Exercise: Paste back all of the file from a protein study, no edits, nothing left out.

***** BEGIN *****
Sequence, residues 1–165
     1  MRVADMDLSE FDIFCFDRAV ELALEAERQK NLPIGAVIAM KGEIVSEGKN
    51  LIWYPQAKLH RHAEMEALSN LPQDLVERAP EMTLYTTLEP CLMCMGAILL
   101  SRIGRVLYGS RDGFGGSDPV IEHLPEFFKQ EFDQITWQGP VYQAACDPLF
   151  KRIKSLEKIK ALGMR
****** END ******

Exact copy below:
Sequence, residues 1–165
     1  MRVADMDLSE FDIFCFDRAV ELALEAERQK NLPIGAVIAM KGEIVSEGKN
    51  LIWYPQAKLH RHAEMEALSN LPQDLVERAP EMTLYTTLEP CLMCMGAILL
   101  SRIGRVLYGS RDGFGGSDPV IEHLPEFFKQ EFDQITWQGP VYQAACDPLF
   151  KRIKSLEKIK ALGMR